TITLE

Workplace Design

AUTHOR(S)
Wienclaw, Ruth A.
PUB. DATE
April 2018
SOURCE
Workplace Design -- Research Starters Sociology;4/2/2018, p1
SOURCE TYPE
Research Starter
DOC. TYPE
Article
ABSTRACT
Since the advent of industrialization, most office workplaces have been designed using a similar template: corner offices for executives, offices with doors for managers, and bullpens or cubicles for rank and file workers. However, postindustrialization (with its heavy reliance on technology, information, and services rather than on the production of tangible goods) frequently requires that this traditional approach be rethought. Many organizations today increasingly rely on teamwork and collaboration to help them manage innovations and gain or maintain a competitive edge in the global marketplace. Such workplaces frequently require a more open approach to workplace design in order to encourage synergy. However, this approach, too, is not appropriate for every organization or every situation. In fact, today's technology enables an increasing number of workers to telework without the need for a central office or face-to-face communications to effectively and efficiently accomplish their tasks. Sound workplace design is much more than a matter of aesthetics and decorating trends. Social scientists have an important role in research to determine the underlying principles of workplace design as well as in application to make sure that these are appropriately applied so that the needs of the organization and its employees can be met.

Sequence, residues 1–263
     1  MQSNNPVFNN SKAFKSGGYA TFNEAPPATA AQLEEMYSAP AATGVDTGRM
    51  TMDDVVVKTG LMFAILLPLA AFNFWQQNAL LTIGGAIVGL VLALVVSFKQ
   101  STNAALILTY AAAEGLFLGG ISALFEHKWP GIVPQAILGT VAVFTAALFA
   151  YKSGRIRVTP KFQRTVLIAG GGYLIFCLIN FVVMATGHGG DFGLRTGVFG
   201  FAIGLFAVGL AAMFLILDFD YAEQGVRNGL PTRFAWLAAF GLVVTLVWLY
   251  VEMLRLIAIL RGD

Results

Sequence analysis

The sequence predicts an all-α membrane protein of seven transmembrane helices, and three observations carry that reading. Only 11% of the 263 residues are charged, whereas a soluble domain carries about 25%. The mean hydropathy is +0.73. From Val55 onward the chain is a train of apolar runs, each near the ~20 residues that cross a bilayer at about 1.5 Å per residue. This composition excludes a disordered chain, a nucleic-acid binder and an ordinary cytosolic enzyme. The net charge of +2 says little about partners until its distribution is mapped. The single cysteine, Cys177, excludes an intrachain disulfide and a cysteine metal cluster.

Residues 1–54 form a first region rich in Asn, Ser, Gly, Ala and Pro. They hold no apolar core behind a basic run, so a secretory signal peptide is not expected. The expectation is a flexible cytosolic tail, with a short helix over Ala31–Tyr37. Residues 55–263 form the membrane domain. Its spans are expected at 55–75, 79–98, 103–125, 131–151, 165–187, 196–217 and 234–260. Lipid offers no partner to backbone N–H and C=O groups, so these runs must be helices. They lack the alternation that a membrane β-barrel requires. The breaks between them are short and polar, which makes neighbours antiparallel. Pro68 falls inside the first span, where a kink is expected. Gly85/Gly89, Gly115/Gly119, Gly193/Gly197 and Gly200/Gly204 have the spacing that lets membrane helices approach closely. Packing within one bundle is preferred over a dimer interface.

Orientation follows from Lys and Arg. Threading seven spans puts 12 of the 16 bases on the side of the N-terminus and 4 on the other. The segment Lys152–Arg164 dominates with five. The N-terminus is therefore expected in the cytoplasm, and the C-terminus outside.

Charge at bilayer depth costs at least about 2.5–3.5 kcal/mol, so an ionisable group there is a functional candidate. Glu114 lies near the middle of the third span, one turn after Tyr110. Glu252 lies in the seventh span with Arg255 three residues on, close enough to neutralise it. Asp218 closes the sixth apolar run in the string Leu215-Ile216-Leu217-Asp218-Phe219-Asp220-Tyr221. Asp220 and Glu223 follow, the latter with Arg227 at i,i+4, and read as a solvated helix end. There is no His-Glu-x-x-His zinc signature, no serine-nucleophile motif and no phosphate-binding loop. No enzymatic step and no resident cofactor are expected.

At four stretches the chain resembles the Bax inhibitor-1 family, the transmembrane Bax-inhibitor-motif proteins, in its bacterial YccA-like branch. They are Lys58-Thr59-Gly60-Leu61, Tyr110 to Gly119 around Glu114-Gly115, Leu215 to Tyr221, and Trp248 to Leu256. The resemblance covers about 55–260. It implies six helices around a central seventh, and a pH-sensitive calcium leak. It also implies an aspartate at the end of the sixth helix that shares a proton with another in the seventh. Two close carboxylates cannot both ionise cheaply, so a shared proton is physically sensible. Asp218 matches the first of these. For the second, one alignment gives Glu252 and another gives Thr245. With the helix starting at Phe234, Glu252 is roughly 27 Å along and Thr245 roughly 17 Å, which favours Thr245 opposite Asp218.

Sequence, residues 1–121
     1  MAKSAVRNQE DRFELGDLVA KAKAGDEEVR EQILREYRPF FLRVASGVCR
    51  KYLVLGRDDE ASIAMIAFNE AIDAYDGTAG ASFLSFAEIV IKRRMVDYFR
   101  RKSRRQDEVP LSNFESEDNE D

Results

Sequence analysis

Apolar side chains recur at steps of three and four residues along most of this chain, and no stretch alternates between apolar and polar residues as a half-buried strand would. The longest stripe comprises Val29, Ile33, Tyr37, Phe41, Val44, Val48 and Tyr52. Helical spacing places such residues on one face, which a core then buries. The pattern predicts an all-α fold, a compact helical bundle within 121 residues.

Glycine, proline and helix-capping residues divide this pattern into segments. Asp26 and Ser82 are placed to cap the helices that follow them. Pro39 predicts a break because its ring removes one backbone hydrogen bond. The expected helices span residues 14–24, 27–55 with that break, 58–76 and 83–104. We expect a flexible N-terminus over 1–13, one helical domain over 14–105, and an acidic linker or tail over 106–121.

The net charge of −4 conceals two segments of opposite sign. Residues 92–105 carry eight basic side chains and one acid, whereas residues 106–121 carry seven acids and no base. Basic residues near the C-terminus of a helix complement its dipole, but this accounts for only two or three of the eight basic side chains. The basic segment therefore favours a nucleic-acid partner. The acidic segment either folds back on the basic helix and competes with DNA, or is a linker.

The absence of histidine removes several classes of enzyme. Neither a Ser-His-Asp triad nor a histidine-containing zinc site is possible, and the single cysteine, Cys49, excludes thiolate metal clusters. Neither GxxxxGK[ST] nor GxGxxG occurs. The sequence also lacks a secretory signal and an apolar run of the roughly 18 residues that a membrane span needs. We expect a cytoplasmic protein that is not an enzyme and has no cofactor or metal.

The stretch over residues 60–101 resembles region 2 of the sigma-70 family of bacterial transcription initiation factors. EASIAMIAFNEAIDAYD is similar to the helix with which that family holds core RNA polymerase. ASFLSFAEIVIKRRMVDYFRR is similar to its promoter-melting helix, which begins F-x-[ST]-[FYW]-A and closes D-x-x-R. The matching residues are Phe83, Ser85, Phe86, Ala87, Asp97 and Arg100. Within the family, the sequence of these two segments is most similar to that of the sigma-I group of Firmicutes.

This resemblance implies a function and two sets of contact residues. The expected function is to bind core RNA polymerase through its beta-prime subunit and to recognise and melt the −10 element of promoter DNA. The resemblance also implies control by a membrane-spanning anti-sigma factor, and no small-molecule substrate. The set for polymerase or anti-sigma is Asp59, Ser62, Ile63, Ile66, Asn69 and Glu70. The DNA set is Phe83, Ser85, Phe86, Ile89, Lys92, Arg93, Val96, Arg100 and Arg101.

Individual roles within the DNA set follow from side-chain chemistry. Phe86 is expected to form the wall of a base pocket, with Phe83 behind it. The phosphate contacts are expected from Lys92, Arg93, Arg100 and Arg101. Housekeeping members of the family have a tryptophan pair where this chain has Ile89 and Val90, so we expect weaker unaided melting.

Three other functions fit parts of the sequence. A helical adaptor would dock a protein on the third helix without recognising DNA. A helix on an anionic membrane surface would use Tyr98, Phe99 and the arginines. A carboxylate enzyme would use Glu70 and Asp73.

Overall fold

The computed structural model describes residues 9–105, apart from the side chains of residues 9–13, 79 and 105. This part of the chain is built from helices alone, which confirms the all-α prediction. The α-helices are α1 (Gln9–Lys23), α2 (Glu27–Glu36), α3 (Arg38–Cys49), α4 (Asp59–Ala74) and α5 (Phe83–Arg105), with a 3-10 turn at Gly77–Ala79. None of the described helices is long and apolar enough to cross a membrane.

ACCESSION #
37219727

 

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